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  • What is CBT?

    by Jenna Wagemester, LMSW


    What is CBT?

    The Cognitive Behavioral Therapy framework explores the impact different experiences have on our thoughts, feelings, and subsequent behaviors. The goal of CBT in a nutshell, is to assist clients in changing their thinking patterns to in turn change their internalized feelings and outward behaviors. CBT has shown to be useful for a variety of diagnoses, including anxiety, depression, mood disorders, substance use, and more.

    Dr. Aaron Beck

    Dr. Aaron Beck developed CBT in the 1960s, where it has now “become the most widely practiced (Knapp et al., 2015) and heavily researched (David et al. 2018) psychotherapy in the world,” (Beck & Fleming, 2021). Through CBT, Dr. Beck’s mission was pursued to help “patients correct negative information processing biases… help[ing] them feel better and engage in more adaptive behaviors,”(Beck & Fleming, 2021).

    Framework and Structure

    Core Beliefs, Rules, and Automatic Thoughts

    Using CBT, therapists assist clients in identifying the 3 levels of cognitions; automatic thoughts, personalized rules/assumptions, and underlying core beliefs. Below is a visual example of how these three levels of cognitions can influence how we view and carry ourselves:

    Exploring and Testing Thought Patterns

    Once the therapist and client have begun to identify common thought patterns and internalized rules, the next step of CBT is to further explore and test the validity of those thoughts and beliefs. It is important to stay curious during this process, giving yourself space to fully examine your thoughts and what motivates them. Oftentimes, therapists will encourage clients to keep a record or journal of their common thoughts and feelings in between sessions to assist in recognizing and bringing awareness to these patterns.

    Challenging Core Beliefs and Creating Adaptive Core Beliefs

    Following analysis and exploration of common thought patterns, the therapist and client will then begin to identify and challenge core beliefs. Through CBT interventions, the therapist will assist clients in identifying advantages and disadvantages of their current core belief(s). During this process, the therapist might utilize the Pac-Man theory to help analyze the evidence and impact of a client’s core belief(s). Core beliefs are oftentimes rooted in each of us at a very young age based upon lived experiences and the environments in which we were raised. Because these beliefs are so intricately ingrained in our systems, we tend to not spend much time analyzing or gathering evidence to prove or disprove those beliefs. Below is an example of how we feed our core beliefs:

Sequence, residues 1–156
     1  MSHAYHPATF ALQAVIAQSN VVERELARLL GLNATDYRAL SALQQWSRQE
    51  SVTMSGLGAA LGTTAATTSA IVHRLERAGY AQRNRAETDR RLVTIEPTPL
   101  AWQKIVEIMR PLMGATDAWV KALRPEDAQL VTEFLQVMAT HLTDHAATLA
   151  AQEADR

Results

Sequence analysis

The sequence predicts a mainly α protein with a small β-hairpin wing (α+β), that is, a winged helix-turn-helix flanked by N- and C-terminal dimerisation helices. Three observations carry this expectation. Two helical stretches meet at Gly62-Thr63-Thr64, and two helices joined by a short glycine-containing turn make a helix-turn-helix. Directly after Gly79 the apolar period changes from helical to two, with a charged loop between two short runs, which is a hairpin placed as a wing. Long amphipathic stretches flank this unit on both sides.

Now, not all core beliefs are “bad” or maladaptive; in fact, core beliefs are the foundation of how we view ourselves and experience the world around us. Through exploration, challenging, and evidence gathering, we each have the capability of shifting our beliefs to more functional and adaptive means of thinking. Below is an example of the potential impact of both a negative and positive core belief:

    Neuroplasticity and CBT

    Through CBT, clients have the rich opportunity to rewire their brains and approach life situations with a different perspective and means of adapting; this evidence-based concept is known as neuroplasticity. Neuroplasticity is the brain’s ability to develop new neural connections and networks through behavioral changes, thought pattern reorganization, and adaptive growth. 

    If you feel CBT could be a great fit and modality for your personal challenges, contact our Clinical Care Coordinator Hannah Lane (319.250.1267) to schedule an appointment!


    Beck, J. S., & Fleming, S. (2021). A brief history of Aaron T. Beck, MD, and Cognitive Behavior Therapy. Clinical Psychology in Europe, 3(2).

    Beck, J. S. (2017). Cognitive therapy worksheet packet.